After half a day at home where I managed to spend a day and seemingly achieve nothing but a load of washing and picking up a new bed (my non bonsai reward for kokufu), it was an early start to catch the train to Paris. Im doing a workshop here for the first time, so there is a little bit of nerves beginning to creep in, but that is mainly due to my French ability. Although I studied it to A-Level, whenever I attempt to speak, it comes out in Japanese. Still we shall muddle through somehow.
I came early so I could spend half a day in Paris looking at stuff. Most people would go to museums and see works of art but I tend to start walking in one direction, then change if some back street looks interesting.It can lead to some interesting discoveries and also some back water scary high rise housing estates in Stockholm. This time it was a city I know relatively well and I walked and I walked. I think the most impressive thing I saw was this.
It was worth the trip just to see that. Pure genius.
I also saw an interesting pruning/planting arrangement in the gardens near the Louvre...
Plant trees in squares, then cut them into squares. The precision of the tops reminds me of the bottom of some foliage pads on Junipers that you see in exhibitions. Now I see where it comes from. Maybe I should make a group planting like that...and if anyone questions it, just whip out the picture and say " well, you see it in nature", because that is the stock answer when criticised.
Other sources of inspiration included lamp posts....
And furniture shops...
Not sure what it is, but I want it...
Loving the texture on the wood. Could almost imagine a tree cascading down from on top of it...or perhaps even half way down.
The Japanese mentality, for better and for worse, to do one thing only, but to do it with such intensity and focus that the everything else becomes out of focus, outside of the minute world in which you exist. To achieve full mastery of a practice, be it bonsai, kendo or carpentry; the practitioner must do that and that alone for a lifetime. I understand that this is absolutely necessary, I experienced the learning curve during my time in the dark place, but at the same time, I can see the potential damage that it can bring by failing to see the bigger societal picture. In the modern world, and this equally applies to Japan, it is essential to move with the times and to utilise modern practices, modern ways of communicating and new ideas. The Nippon Bonsai Association doesn't have a website or facebook presence to speak of and then it wonders why there are no young people getting involved. The first port of call for anyone searching for someone is now the internet.
The question I ask myself is, how much time should I devote solely to the pursuit of bonsai? Should I make room for other things such as a social life or is the path to true enlightenment one of dedication and sacrifice? It is not good to be a jack of all trades and master of none, but if I don't look to other fields, to other walks of life for inspiration and guidance, then what I do could very easily become irrelevant. We claim in the bonsai world that what we do is an art, and proudly call ourselves artists. Yet we do not exhibit in the same way as other artists, we do not ask an art appreciating audience to judge our works as pieces of art, so in the modern world, can we claim such a thing?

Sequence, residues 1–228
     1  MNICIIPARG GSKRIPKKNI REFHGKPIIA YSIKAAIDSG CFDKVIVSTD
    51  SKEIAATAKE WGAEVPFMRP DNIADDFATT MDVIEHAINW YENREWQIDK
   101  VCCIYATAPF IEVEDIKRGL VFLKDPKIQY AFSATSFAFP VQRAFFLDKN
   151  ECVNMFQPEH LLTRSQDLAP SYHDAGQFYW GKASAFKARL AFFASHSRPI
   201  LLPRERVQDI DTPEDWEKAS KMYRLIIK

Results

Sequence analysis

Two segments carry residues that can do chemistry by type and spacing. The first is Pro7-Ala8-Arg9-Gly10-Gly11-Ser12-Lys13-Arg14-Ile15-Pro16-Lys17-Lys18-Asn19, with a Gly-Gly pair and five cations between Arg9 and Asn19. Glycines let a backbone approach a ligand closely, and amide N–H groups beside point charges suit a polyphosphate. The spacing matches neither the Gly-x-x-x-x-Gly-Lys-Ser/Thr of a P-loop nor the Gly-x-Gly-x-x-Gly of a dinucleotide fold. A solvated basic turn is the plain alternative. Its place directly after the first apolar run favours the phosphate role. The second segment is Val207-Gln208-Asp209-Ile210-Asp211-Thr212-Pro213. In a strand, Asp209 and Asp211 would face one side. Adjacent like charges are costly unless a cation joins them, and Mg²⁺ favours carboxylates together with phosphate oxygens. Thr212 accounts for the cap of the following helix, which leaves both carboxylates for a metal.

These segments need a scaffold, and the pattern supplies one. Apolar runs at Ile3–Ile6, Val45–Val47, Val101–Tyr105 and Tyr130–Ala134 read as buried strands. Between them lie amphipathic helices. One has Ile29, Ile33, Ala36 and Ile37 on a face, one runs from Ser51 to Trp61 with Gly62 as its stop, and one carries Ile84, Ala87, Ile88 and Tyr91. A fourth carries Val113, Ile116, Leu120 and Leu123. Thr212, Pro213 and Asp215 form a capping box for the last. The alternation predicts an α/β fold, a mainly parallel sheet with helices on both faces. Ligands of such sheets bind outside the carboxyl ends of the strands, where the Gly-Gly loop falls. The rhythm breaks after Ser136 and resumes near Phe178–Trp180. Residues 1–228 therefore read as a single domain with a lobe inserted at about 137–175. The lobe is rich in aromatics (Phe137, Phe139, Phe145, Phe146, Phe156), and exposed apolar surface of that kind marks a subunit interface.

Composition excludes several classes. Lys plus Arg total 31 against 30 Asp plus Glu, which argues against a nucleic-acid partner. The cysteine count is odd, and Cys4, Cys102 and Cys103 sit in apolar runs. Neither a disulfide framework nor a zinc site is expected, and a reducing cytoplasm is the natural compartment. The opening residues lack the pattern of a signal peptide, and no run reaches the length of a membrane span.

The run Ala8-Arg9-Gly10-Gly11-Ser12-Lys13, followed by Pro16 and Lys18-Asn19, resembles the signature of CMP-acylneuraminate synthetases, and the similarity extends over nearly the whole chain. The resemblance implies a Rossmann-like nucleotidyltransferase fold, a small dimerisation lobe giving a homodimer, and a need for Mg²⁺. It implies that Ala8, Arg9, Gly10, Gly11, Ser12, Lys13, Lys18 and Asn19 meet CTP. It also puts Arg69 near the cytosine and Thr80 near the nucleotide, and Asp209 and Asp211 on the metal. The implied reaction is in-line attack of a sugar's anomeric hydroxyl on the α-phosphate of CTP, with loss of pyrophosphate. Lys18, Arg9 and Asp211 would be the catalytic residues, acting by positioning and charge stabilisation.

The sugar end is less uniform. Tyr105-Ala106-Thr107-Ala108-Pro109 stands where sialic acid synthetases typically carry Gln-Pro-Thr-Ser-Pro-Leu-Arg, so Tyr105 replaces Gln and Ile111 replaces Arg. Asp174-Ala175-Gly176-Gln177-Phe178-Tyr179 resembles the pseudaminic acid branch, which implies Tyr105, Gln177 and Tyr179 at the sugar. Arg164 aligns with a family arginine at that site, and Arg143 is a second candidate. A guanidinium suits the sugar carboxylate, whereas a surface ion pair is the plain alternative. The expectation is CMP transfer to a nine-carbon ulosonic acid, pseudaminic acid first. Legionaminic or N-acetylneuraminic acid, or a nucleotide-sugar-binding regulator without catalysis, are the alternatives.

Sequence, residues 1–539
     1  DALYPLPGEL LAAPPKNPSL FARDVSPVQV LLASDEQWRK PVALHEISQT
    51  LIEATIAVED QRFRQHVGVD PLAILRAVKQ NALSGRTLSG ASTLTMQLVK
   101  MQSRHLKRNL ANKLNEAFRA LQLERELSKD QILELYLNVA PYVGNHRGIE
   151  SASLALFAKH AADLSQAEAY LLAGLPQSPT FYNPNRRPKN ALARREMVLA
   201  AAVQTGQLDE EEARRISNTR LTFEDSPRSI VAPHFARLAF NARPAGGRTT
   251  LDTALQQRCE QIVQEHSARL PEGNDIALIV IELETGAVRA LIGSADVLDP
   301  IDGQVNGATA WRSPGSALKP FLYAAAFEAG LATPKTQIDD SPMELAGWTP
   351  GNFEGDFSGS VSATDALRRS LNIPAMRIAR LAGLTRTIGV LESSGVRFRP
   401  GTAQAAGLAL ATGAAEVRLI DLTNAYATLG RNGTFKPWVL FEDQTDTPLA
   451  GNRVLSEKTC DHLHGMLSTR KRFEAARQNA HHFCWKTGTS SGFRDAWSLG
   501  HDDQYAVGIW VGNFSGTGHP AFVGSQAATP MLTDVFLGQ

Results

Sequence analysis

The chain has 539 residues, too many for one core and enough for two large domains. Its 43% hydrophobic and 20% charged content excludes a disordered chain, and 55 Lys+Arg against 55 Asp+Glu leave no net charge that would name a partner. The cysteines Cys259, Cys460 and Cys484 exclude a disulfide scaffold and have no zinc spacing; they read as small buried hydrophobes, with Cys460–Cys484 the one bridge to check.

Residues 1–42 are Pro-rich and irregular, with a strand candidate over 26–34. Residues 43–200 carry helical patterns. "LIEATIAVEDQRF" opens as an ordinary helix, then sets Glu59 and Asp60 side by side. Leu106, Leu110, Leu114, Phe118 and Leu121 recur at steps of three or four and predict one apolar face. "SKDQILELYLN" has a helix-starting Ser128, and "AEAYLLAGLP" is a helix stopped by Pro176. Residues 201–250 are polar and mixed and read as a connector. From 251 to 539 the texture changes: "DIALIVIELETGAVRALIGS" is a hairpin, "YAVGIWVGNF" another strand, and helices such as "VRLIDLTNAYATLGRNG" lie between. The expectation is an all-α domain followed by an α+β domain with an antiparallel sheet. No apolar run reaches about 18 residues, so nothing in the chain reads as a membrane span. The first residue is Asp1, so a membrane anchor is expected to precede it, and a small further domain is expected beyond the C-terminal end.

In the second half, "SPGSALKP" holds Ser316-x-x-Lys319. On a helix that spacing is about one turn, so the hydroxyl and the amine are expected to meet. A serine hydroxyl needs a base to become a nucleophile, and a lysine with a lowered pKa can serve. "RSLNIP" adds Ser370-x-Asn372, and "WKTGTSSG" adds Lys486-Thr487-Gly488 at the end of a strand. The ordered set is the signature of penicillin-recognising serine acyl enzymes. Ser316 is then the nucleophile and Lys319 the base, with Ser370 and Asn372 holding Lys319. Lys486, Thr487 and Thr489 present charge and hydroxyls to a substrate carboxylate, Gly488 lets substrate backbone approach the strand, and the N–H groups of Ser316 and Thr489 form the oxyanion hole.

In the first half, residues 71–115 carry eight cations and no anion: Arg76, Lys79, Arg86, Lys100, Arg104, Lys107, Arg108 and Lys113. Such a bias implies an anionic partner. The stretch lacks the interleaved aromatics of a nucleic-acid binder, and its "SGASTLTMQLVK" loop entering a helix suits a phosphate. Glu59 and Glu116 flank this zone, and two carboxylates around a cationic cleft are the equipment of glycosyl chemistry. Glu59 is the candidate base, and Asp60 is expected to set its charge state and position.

Looking back throughout history however, the literati painters/scholars who achieved the dizzy heights of true genius where those who rejected their contemporary worlds. They became hermits living in the mountains, getting drunk and just doing what they did, but doing it and doing it and doing it well until the actions just flow through you in a state of mindlessness. This for me is the path to achieving a zen like state. A word or a concept which has become so badly distorted from the reality of the situation because of the post war disneyfication of Japan and the modern buzzword phenomena. I didn't realise at the time, but one of the reasons I love Ronnie O'Sullivan so much is because he had moments of being in a zen like state, the effortless 147 break in next to no time being the pinnacle of it. For those of you who don't know anything about snooker, it's like pitching a no-hitter, only throwing strikes. For those of you who don't get either of those references, you have reached a state of blissful ignorance.
Getting back on track, striking the balance between external influences and becoming distracted by them is the challenge for myself and to a few others I'm sure.
I'm tired so I will sign off. Thanks for all the comments of late. I flicked a switch that allows anonymous comments, but if you don't put your name, I may think its my mum trying to boost my publicity.